When Dragon Age: Origins was released last year, gamers were exposed to one of the best role-playing game entries to grace a home console Sure, it had its flaws – mostly concerning visuals and lag – but its intricate story and characters made for a one of the best RPG experiences of 2009. Playing as a Grey Warden, the land of Ferelden’s elite and sacred protectors, you were tasked with removing the blight and defeating the Darkspawn. If you beat the game, you accomplished this task and your character is pretty much the most important person in all the land. But, apparently all of that peace was short lived as BioWare and EA have given fans of the game a whole new chapter the play through.
Dragon Age: Origins – Awakening is the first expansion for the game and comes with a ton of new content. Just like all other expansions to RPG (or any game, for that matter), there is a hefty dose of new content, weapons, abilities, skills, monsters, and characters. In addition, the level cap has been raised to 35. The game is available as either a Blu-ray disc, or it can be downloaded. Either way, you’ll need to have the Origin’s game data and your saved data to play the expansion. With all this new content you may expect some new features or gameplay tweaks. Unfortunately, some of the issues from the core game still persist in the expansion.
Even though you managed to end the Blight at the end of Origins, the Darkspawn have managed to reassemble. In Awakening, the Darkspawn are smarter than before – they even know how to communicate with one another. The expansion picks up shortly after the events of the core game, so everything will feel familiar if you’ve been engrossed in the title over the past several months.
When you launch the expansion, you are given the choice to import your character from Origins, or start a completely new Grey Warden character. If you played Origins but didn’t finish the game, your character will be outfitted (with upgraded skills and levels) as if he or she completed the final task. Starting a new character means more than just having someone new to get used to. Your new character is from a neighbouring land, and as such is met with a bit of skepticism from the NPCs you meet.
Awakening features the same cast as Origins and has the same quick lipped dialogue. You’ll run into characters from Origins, but you’ll have a whole new party to play with. These new characters are quite varied and just as entertaining as those found in Origins. You’ll find an even greater emphasis on your decisions, specifically regarding whom you take with you and who you just kill.
In terms of visuals, the expansion still carries the same glitches and problems from Origins. There are dialogue and voice sync issues, and occasional lag during the game’s larger battles. All of these problems draw attention from what the game does so well – tell a great story. Combat can also at times prove problematic. Nothing has changed in that regard, but if you didn’t have a problem with the graphic glitches, lag, or combat issues then you aren’t going to have a problems in Awakening. The actual fight mechanics are identical to before. You can control one of your party members (the other are controlled by AI). The character you control has a host of abilities attached to the circle, triangle and square buttons – X is used as the simple auto-attack. Of course, you can pause the game and delegate orders more efficiently. This will give you time to strategize, which, given the mammoth boss battles you’ll encounter, is often needed.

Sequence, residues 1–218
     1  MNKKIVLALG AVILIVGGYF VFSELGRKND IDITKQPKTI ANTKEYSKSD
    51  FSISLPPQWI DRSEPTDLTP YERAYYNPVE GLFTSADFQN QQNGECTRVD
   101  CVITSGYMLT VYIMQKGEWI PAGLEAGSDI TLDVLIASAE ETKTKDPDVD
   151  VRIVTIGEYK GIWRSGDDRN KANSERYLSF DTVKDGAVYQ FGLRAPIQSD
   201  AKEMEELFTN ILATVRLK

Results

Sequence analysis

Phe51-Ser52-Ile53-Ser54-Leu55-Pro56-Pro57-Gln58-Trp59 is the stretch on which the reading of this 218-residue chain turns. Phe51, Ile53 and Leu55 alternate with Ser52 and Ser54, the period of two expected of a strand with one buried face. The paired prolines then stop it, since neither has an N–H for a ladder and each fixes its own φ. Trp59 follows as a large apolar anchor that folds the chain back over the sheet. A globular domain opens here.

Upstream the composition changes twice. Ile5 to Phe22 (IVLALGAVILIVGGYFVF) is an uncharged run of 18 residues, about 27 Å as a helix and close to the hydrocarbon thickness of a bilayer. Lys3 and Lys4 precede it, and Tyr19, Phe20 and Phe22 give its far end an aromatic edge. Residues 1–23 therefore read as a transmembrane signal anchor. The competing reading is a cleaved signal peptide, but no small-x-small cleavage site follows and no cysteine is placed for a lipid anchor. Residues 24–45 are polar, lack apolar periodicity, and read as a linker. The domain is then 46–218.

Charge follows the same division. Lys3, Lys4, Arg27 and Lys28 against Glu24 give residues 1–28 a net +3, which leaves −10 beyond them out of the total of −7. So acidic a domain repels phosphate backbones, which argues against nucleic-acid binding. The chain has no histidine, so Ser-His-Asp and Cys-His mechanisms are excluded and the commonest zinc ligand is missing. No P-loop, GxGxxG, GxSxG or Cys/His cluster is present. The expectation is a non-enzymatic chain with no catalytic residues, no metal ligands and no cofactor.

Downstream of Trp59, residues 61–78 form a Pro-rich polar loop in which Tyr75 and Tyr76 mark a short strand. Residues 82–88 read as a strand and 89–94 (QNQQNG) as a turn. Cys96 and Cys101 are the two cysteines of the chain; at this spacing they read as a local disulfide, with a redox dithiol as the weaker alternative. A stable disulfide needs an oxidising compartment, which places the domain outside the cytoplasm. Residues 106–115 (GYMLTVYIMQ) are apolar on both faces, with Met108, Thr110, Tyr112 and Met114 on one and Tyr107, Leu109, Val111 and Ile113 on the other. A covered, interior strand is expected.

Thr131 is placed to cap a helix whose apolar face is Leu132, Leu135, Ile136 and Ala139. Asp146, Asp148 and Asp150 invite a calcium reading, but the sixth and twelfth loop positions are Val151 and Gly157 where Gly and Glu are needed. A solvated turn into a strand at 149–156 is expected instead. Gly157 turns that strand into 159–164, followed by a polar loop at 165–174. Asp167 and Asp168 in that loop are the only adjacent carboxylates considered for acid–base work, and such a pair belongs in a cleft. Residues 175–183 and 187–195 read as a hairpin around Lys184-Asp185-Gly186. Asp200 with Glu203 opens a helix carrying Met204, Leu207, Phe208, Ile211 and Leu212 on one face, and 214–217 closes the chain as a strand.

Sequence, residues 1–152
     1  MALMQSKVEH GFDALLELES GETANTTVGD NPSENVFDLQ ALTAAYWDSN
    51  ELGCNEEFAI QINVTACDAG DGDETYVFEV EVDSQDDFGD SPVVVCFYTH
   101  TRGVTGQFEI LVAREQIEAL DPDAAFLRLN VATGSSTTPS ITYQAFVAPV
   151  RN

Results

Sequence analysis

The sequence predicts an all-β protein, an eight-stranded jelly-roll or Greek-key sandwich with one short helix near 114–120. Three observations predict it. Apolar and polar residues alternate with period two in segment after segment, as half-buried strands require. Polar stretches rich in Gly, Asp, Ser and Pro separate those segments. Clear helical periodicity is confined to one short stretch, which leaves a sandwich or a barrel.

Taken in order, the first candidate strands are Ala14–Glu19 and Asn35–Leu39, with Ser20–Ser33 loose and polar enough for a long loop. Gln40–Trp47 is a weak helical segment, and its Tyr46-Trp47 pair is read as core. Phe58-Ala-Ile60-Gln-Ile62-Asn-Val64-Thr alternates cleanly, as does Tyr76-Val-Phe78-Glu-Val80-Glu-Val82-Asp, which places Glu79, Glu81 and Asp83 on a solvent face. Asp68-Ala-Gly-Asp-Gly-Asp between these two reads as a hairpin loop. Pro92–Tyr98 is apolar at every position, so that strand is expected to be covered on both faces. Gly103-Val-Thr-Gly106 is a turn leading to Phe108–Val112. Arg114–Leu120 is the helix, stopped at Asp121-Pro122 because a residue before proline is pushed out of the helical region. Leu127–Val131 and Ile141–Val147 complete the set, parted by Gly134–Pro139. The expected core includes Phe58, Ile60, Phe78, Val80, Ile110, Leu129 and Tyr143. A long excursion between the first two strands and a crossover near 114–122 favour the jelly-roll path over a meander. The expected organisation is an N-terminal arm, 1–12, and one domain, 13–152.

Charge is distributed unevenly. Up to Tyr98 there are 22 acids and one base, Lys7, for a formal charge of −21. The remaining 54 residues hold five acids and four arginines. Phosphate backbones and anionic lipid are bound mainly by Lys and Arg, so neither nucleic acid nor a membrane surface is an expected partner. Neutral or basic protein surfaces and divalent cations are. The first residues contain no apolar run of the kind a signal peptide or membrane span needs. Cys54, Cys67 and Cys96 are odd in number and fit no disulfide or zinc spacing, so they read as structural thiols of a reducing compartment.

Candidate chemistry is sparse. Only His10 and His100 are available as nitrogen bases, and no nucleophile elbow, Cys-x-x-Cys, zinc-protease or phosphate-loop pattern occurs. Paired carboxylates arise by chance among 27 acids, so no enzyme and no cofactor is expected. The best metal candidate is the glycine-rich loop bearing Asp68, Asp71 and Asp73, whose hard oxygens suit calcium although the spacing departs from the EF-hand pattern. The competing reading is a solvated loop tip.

Awakening introduces three new skill chains (obtainable at level 20). One skill, Runecrafting, allows characters to enchant weapons and armor. This requires a bit of micromanagement – finding the appropriate items and deciding which stats would be best for different characters. In true RPG form, you can spend a long time perfectly enchanting your gear, brewing potions, and creating traps. If you love this sort of detail in your RPG, then Awakening only expands on what Origins introduced.
The expansion provides two new specializations for each class and gives characters a third specialization point at 22. You’ll get all but two specializations unlocked at the start of the game. One of our favorite new specializations, Battlemage, gives mages a host of abilities for close combat, meaning there’ll be plenty of opportunities for them to unleash all manner of gruesome attacks. In addition to the new skills and specializations, there are more than 500 new items. You’ll also see two new tiers added to weapons and armor.
Awakening produces plenty of new content to warrant a full-on expansion. There are many hours to keep you busy and fully draw you back into the world of Dragon Age. In part, not changing any of the core gameplay mechanics or visuals means the game is still lacking in certain areas, but if you can get past these flaws you will be in for quite a treat. The new story is well told through dialogue, which like the core game, requires you to think and choose what you say carefully. Awakening is more than just the cherry on top of an awesome sundae that is Dragon Age: Origins; instead, it’s like you’ve been given a few extra scoops of RPG goodness.